Marketers and advertisers are the creative bunch. Think of the possibilities. Have anything in mind?

3 comments about "Why Google Android 'Gingerbread' Supporting NFC Is Important To Advertisers".
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  1. Charles Hwang from USC, November 16, 2010 at 5:10 p.m.

    Hi Laurie, I enjoy your posts and became a member solely to comment. I actually sent Mark Roberti an email regarding the same question/comment and wanted to see what you thought as well. Do you think Google/Android would create an open-API for the NFC technology? Whether it's transactions, ads, rewards, or the countless other functions of NFC, it makes business sense for a company that is resourceful as Google to create all the applications themselves and just launch it with every Android phone. What do you think?

  2. Laurie Sullivan from lauriesullivan, November 16, 2010 at 11:23 p.m.

    Yes, Charles, I do think Google will create an open API for NFC technology, though I do not have confirmation from Google on the move. Thanks for joining the MediaPost community.

  3. Monto Kumagai from XtremeSignPost, Inc., November 17, 2010 at 9:16 a.m.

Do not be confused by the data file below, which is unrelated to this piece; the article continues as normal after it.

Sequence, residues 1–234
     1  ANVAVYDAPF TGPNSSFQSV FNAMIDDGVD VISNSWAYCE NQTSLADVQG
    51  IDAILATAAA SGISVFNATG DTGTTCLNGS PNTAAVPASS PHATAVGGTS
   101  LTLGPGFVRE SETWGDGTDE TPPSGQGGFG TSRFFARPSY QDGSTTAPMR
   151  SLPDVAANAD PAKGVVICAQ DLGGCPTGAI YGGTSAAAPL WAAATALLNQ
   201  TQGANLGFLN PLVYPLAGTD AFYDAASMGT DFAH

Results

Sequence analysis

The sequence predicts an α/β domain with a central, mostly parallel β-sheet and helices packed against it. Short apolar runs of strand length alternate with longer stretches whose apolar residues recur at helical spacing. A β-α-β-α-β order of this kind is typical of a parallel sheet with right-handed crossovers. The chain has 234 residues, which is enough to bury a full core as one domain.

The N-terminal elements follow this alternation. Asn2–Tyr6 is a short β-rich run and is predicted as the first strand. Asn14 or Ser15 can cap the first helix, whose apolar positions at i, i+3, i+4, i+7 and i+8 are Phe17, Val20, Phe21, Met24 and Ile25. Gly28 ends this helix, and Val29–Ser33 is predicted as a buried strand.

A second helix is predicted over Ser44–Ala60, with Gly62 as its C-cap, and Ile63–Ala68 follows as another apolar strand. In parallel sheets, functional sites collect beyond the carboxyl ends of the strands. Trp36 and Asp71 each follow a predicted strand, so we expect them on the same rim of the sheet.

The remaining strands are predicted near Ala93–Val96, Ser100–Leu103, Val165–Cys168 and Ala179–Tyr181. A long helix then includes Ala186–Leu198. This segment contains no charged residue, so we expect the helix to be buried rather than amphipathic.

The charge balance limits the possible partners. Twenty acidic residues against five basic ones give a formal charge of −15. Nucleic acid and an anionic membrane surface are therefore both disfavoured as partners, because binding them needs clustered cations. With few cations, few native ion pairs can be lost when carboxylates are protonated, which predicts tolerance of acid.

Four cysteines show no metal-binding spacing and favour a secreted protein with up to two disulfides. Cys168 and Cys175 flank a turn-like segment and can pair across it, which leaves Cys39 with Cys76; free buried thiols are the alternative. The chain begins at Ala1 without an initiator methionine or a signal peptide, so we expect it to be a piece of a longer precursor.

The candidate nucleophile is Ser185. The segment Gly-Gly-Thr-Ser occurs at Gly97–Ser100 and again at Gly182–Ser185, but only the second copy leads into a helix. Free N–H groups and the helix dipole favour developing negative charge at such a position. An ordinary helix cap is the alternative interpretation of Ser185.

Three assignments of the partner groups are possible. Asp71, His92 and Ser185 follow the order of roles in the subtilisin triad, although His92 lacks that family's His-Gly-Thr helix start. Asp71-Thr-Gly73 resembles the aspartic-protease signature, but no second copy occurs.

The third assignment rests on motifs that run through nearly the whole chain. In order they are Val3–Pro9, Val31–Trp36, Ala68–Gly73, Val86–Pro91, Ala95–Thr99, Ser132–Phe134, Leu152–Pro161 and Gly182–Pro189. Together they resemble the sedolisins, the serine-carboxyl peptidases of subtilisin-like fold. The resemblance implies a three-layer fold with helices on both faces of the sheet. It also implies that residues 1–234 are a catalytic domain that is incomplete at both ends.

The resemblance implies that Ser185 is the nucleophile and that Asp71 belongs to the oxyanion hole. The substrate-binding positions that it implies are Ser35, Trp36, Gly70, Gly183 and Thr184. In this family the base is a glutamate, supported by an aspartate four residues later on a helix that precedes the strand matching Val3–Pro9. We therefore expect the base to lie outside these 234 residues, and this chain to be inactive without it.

I am excited that Google’s Android 2.3 (Gingerbread) will feature NFC support. This will put pressure on other companies to follow suit. I predict that 2011 will be the year of the Near Field Communication (NFC) smartphone. I am involved in developing methods to improve the consumer experience by allowing them to personalize products using RFID technology. In this process memories in the form of videos, photos, and audio files are linked to commercial products. At a latter point in time, NFC enabled cell phones are used to instantly recall memorable events by simply touching the surface of the RFID-tagged items. The connection of the experience to the product can lead to an increase in the intrinsic value of the item. Since the data is on the cell phone it can be shared with friends and relatives. SMS (short message service), instant messaging, email, and social networks allow the personal news to be disseminated to the global community. I call this system “The Internet of Experiences.” It introduces a new paradigm in advertising that enhances viral marketing, brand name identification, consumer loyalty, and customer satisfaction. I am interested in the interaction between consumer experiences and “The Internet of Things.” When consumers interact with “The Internet of Things” they are able to fire off digital beacons announcing their experiences. Connecting this information via the Internet and social networks allows the data to spread globally. Digital documentation of encounters or experiences with RFID-tagged items provides reference points from which we can trace their paths. Each experience serves as an RFID beacon that can be tagged, archived, searched, and shared. Queries to the “Internet of Experiences” will result in the discovery of similar beacons, paths, and people.